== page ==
The above was a very nicely made white tee shirt.  The problem is, white tee shirts don't stay white around me to too long.  Tie dye makes a perfect solution, so I just might have an above average amount of tie dye in my wardrobe ;-).

3)  This is a good news/bad news/no news one.  First, the bad news.  My husband was supposed to go to Chicago in August and we were going to go with him.  That trip (for him) just got cancelled.  BUMMER!  I had already mentally planned such cool things to do, as well as a stop off half way up to my brother and sister-in-law's and a stop half way home to Kirsten's (she didn't know that yet, lol), and now the trip is off the table...BUTTTTTTT, there is good news.  Some of you already know.  But...are you sitting down????  We have...really, are you sitting down????   We have a FULL PRICE offer on our house!!!!!!!!!!!!!  We, of course, accepted, and the inspection was TODAY.  That's where the NO NEWS part comes in.  We haven't heard anything yet.  Please join us in praying no news is good news.  We actually know that technically the house will not fully pass inspection because the bathroom isn't done (I don't know why they scheduled it for NOW, before the bathroom was done), but I guess the way it will work is they will make it contingent on them sending pictures of the finished bathroom to the inspector for him to sign off?  That sounds cray-cray to me, but oooookkkkaaayyyy.  I know God has this under control.  I do.  He's brought us this far!

If you want to join up with Three Things Thursday, just visit Heidi's blog.
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The Power in Your Hands Writing Nonfiction in High School Review

This fall, my second child will officially enter high school, but since her older brother is academically challenged, she will be the first one in our family to really blaze the full high school trail.  That has left me scrambling to figure out exactly what this next year is going to look like for her.  So of course, when the opportunity to review a new high school writing curriculum came along, you know it piqued my interest.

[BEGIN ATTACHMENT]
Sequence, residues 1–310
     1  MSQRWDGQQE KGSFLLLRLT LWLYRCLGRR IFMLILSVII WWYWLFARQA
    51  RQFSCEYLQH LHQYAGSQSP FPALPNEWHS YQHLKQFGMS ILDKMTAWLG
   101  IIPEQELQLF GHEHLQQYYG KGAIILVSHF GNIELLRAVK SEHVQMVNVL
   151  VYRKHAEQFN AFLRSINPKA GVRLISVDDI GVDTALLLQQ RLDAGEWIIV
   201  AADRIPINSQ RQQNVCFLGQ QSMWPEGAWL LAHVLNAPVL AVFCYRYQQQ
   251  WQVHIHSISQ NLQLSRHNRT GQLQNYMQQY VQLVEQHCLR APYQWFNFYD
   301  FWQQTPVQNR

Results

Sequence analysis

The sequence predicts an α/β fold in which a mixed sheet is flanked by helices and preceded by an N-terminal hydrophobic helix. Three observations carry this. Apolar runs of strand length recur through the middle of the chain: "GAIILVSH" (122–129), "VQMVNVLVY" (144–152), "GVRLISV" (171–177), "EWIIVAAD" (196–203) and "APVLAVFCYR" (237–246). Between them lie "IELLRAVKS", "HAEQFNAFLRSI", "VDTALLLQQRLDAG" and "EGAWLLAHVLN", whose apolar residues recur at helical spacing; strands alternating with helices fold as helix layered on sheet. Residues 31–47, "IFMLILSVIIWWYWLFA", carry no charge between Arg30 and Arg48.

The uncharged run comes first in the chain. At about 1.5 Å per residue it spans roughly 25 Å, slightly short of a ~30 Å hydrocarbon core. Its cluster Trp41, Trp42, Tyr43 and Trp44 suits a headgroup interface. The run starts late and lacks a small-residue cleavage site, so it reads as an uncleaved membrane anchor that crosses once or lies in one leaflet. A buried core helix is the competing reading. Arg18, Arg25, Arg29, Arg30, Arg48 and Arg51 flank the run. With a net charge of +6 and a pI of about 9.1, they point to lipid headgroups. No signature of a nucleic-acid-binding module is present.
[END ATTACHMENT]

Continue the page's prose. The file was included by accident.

Actually, if I'm truthful, I had a bit of a dilemma.  You see, this new writing curriculum is actually part of a series called Writing with Sharon Watson, and she has a middle school level book (Jump In) and a Writing Fiction in High School course as well.  

It was a tough decision!  I felt like my daughter's writing abilities (or lack thereof) could be equally well served by the middle school level, and then my son could use it too.  But wanting her to feel like she was really "moving up" in the world, I decided to go for it with the high school level.  And since she tends easily toward writing fiction, I knew nonfiction was where she needed work.  Because Sharon reaffirms that her course is do-able even by students with minimal writing skills, I felt like my daughter should be fine in the high school book.

The Power in Your Hands comes with a Teacher's Guide ($14.98) and a Student Edition ($39.98).  Generally, I'm not a big "Teacher's Guide" sort of gal, but I think this one is worth it.  Not only does it clearly give examples of what A-F grade papers look like, it gives detailed criteria for grading each type of paper assigned in the course, bullet points of all the student edition topics chapter by chapter, the answers to questions the students are asked in their book, and most handily, guided writing prompts for four days a week for an entire school year.  It's very handy.  

The student book contains over 100 daily lessons, resulting in students writing over 22 essays and reports.  Some of the styles of writing they will learn include persuasive essays, compare-and-contrast essays, a biography, a literary analysis, a research paper with MLA documentation, and an SAT essay, just to name a few.  Along the way, they also learn proofreading marks (as a student, I honestly NEVER knew what those squiggles my teachers made on my papers meant) and to critique and grade their own work.  

The pros:  The student book is really designed to be worked through independently, and each lesson is clearly "ended" with either a dark line across the page